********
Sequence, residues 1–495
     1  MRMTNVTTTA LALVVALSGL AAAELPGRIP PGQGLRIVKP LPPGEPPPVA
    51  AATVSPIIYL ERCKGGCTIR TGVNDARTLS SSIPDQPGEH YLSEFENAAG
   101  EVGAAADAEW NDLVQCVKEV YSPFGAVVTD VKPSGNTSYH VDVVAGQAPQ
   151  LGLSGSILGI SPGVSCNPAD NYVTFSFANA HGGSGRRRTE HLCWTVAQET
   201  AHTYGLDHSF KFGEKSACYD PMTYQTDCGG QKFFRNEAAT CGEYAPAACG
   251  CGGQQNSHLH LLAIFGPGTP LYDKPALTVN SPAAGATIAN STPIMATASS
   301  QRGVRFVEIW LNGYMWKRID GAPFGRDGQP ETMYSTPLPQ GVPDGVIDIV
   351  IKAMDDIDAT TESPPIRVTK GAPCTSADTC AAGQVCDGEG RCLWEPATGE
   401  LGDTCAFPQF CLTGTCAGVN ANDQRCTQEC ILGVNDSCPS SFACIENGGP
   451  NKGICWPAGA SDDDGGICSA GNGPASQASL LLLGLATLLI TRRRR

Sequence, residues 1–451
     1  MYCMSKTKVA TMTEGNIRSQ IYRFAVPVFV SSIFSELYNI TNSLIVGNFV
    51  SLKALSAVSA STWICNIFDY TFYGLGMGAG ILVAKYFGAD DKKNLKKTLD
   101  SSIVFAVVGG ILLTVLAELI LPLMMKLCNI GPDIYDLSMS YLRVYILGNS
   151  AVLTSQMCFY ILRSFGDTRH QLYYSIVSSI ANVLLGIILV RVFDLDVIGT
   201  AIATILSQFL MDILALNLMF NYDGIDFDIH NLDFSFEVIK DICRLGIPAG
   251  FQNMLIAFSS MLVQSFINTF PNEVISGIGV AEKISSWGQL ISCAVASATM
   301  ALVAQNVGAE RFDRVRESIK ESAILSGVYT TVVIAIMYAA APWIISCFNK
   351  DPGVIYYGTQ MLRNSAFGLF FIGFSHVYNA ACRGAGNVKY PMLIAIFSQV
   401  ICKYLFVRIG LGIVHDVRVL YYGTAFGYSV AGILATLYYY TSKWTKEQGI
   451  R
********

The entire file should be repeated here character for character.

Sequence, residues 1–495
     1  MRMTNVTTTA LALVVALSGL AAAELPGRIP PGQGLRIVKP LPPGEPPPVA
    51  AATVSPIIYL ERCKGGCTIR TGVNDARTLS SSIPDQPGEH YLSEFENAAG
   101  EVGAAADAEW NDLVQCVKEV YSPFGAVVTD VKPSGNTSYH VDVVAGQAPQ
   151  LGLSGSILGI SPGVSCNPAD NYVTFSFANA HGGSGRRRTE HLCWTVAQET
   201  AHTYGLDHSF KFGEKSACYD PMTYQTDCGG QKFFRNEAAT CGEYAPAACG
   251  CGGQQNSHLH LLAIFGPGTP LYDKPALTVN SPAAGATIAN STPIMATASS
   301  QRGVRFVEIW LNGYMWKRID GAPFGRDGQP ETMYSTPLPQ GVPDGVIDIV
   351  IKAMDDIDAT TESPPIRVTK GAPCTSADTC AAGQVCDGEG RCLWEPATGE
   401  LGDTCAFPQF CLTGTCAGVN ANDQRCTQEC ILGVNDSCPS SFACIENGGP
   451  NKGICWPAGA SDDDGGICSA GNGPASQASL LLLGLATLLI TRRRR

Sequence, residues 1–451
     1  MYCMSKTKVA TMTEGNIRSQ IYRFAVPVFV SSIFSELYNI TNSLIVGNFV
    51  SLKALSAVSA STWICNIFDY TFYGLGMGAG ILVAKYFGAD DKKNLKKTLD
   101  SSIVFAVVGG ILLTVLAELI LPLMMKLCNI GPDIYDLSMS YLRVYILGNS
   151  AVLTSQMCFY ILRSFGDTRH QLYYSIVSSI ANVLLGIILV RVFDLDVIGT
   201  AIATILSQFL MDILALNLMF NYDGIDFDIH NLDFSFEVIK DICRLGIPAG
   251  FQNMLIAFSS MLVQSFINTF PNEVISGIGV AEKISSWGQL ISCAVASATM
   301  ALVAQNVGAE RFDRVRESIK ESAILSGVYT TVVIAIMYAA APWIISCFNK
   351  DPGVIYYGTQ MLRNSAFGLF FIGFSHVYNA ACRGAGNVKY PMLIAIFSQV
   401  ICKYLFVRIG LGIVHDVRVL YYGTAFGYSV AGILATLYYY TSKWTKEQGI
   451  R